It is not known how long it took the river to change its course. From 1633 until 1696 the river was washing away the soft meadow soil and gradually digging deeper until the Great Rock appeared in “1696”iv, (the year 1696 is estimated). This ledge of red sandstone was not visible when the town of Wethersfield was settled. The Great Meadow extended over and beyond it. The people who farmed this meadow in 1681 lost their land when the river changed its course and cut through this meadow. After 1691 Wethersfield continued to grant this land to the public. As the river changed its course the previous landing places were washed away and new ones were made. Although the Great Rock caused the river to wash away the early settlers land, it has contributed much to science in the way of fossils.

Almost as important as the river itself are the meadow lands which lie along either side of the river. Meadow lands are the periodically flooded lands along the river which are cleared and suitable for mowing or plowing. When the river floods after heavy snow falls and heavy rains in the spring, the Great Meadow and the Rocky Hill Meadows are under water. The flood waters bring fertile topsoil and deposit it over the meadows. This is one reason why the meadows are good farm lands.

The Great Meadow, which is located east of the present Wethersfield Cove, consists of 3,500 acres of good farm land. When the river changed its course this meadow was cut in half and as a result the land on the east side of the river was given to Glastonbury.

The Mile Meadow is bounded to the north by Beaver Meadow, a small meadow in Wethersfield, and to the east by the Connecticut River. At its lower point it meets the Rocky Hill Ferry. The whole Mile Meadow and part of Beaver Meadow are now in the town of Rocky Hill. This land is generally referred to as the Rocky Hill Meadows.

The first man to farm these meadow lands was John Oldman who settled in Wethersfield.

“John Oldman passed by the future sites of Windsor and Hartford, came to Wethersfield in about 1633 and planted in 1634 by the Great Meadow and the Great and Little Plaines. Most of the fields were south of a great bend in the Connecticut River. Oldham found good soil.”v

There is a great risk of having the river wash away the meadow soil. Today the river has been “tamed” by placing rocks along the river where the river makes a change in direction. There are two places where most of these rocks have been placed. These places are along the west side of the river where it bends toward the town of Wethersfield and the town of Rocky Hill. These are the best places to strengthen the river’s banks because the rocks, which were taken from the Rocky Hill Quarry, prevent the river from cutting into the soft soil of the Great Meadow and the Rocky Hill Meadows. Along the river, between Rocky Hill and Hartford, there is a line of trees behind the rocks to keep the soil together. Most of these trees are soft maples. The east side of the river is protected by trees alone. These trees were not planted on purpose like those on the west side of the river (see p.9). These are the major steps in flood control which have been taken to keep the river where it is.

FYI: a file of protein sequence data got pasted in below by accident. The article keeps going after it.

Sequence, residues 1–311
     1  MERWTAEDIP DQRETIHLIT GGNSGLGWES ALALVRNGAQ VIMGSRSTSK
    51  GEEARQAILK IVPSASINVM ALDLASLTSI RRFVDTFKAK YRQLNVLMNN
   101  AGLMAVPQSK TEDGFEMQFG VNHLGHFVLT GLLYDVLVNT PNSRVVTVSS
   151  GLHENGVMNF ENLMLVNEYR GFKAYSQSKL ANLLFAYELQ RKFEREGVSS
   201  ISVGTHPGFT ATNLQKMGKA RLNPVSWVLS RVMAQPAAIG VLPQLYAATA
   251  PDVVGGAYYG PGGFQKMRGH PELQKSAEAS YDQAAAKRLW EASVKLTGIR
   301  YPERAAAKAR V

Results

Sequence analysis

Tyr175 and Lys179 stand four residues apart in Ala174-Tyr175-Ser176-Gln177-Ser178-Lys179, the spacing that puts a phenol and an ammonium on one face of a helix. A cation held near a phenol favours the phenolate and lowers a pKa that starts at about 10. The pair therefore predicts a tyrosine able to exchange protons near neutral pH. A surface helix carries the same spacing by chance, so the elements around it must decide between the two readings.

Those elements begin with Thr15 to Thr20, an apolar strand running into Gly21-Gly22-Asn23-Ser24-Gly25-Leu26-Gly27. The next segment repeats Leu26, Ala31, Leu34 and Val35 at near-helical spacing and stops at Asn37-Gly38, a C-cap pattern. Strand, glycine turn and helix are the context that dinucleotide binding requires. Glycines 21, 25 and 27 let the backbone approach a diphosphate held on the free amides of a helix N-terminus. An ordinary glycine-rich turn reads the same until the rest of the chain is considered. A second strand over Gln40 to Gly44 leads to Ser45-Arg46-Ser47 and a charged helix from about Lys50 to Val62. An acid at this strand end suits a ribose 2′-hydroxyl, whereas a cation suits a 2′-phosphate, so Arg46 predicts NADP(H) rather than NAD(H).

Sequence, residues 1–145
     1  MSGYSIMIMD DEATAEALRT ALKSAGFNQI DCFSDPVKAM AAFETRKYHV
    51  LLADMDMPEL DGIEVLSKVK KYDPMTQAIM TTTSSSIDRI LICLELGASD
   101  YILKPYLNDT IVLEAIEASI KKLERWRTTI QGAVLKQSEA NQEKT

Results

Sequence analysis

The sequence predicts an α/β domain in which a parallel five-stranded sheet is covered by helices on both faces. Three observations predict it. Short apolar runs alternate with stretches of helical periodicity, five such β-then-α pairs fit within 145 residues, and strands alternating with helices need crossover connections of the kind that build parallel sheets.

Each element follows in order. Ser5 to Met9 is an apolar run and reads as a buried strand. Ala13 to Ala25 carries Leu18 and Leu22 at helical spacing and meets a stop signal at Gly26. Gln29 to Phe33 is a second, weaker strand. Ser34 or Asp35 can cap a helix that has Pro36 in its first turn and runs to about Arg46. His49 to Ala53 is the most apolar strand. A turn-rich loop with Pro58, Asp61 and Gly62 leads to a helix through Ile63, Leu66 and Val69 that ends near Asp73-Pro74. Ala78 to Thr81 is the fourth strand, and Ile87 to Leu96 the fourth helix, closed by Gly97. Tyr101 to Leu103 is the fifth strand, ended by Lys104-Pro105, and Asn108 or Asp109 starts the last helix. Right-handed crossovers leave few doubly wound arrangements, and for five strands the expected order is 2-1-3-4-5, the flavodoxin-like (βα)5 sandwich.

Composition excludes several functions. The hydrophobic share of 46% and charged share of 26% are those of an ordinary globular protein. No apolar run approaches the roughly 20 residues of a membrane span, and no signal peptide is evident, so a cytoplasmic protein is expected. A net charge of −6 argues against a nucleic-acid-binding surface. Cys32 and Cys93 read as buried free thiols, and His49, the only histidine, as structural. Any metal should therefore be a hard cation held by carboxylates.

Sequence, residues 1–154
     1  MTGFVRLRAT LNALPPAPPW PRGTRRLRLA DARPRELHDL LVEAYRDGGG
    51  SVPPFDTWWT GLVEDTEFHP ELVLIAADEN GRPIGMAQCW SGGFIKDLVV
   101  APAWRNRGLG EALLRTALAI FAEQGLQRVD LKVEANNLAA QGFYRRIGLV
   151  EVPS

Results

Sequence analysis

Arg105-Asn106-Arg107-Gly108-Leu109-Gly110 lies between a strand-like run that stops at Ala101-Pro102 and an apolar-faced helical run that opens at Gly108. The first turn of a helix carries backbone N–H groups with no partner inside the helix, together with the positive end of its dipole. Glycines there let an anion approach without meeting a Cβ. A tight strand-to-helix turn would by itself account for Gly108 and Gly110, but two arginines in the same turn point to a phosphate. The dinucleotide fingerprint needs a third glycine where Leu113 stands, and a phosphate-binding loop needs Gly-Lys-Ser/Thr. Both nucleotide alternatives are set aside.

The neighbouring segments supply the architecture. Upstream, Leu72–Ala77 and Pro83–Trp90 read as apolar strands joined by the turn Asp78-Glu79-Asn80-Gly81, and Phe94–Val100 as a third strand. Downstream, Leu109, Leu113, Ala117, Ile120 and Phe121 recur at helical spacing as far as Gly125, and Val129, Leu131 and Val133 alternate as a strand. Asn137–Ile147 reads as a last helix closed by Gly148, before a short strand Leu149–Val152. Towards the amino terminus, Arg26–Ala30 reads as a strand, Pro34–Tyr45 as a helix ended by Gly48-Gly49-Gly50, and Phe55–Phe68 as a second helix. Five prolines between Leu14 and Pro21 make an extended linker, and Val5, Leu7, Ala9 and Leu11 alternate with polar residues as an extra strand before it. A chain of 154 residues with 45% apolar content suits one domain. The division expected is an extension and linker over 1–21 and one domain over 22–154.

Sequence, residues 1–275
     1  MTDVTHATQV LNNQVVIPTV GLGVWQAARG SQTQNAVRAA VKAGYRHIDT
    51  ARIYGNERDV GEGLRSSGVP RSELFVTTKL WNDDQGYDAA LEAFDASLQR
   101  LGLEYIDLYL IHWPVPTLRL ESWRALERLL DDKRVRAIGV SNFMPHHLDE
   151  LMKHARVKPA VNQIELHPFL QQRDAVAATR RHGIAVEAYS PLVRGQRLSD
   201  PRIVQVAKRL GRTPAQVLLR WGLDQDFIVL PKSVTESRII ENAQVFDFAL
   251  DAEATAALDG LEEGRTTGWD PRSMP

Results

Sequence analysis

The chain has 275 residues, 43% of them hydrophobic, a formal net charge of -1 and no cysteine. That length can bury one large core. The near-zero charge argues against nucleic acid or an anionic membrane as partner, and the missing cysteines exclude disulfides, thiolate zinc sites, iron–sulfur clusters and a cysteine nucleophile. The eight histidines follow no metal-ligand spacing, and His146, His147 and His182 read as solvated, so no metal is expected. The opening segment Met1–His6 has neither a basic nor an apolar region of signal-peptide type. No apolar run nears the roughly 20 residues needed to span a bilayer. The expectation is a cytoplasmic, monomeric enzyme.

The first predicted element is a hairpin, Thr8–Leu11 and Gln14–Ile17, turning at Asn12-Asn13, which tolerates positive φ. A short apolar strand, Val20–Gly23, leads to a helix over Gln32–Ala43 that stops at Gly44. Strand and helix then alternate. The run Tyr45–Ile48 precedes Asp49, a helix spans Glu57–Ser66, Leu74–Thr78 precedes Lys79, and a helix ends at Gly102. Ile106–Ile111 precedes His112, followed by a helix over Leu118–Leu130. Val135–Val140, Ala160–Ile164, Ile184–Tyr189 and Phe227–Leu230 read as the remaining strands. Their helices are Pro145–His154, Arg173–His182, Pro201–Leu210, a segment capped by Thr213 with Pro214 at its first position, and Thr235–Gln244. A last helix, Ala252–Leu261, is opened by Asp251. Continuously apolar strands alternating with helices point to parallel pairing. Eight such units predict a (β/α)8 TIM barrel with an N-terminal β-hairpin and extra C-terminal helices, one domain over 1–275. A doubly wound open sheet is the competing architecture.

The Connecticut River has changed its course only once and it is most likely that it will remain the way it is today. This is the way the river looked close to 300 years and the way it is now. Today man can change the course of a river or keep it under his control for his own use, but 300 years ago the river was uncontrolled by man and it went on a course that nature would have it flow.


  1. Rocky Hill Town Reports, 1950-1965

  2. Newspaper items, 1957-1964

  3. Christy Hass

  4. Herbert J. Stoeckel

  5. Jared B. Standish


My thanks to Aurora Manso for her assistance.


1 The Wethersfield Prison was located in Wethersfield when this article was written in 1966 but was subsequently moved to Somers, Connecticut.

i Henry R. Stiles, The History of Ancient Wethersfield Connecticut, (New York, 1904), Vol. 1, p.83.

ii Charles W. Burpee, History of Hartford County – Connecticut, (Chicago, 1928), Vol. II, p.1307.

iii Henry R. Styles, The History of Ancient Wethersfield, Connecticut, (New York, 1904), Vol. I, p.84.

iv Ibid., p.84.

v Charles W. Burpee, History of Hartford County – Connecticut, (Chicago, 1928), Vol. II, p.1299.

Brief History of the CT River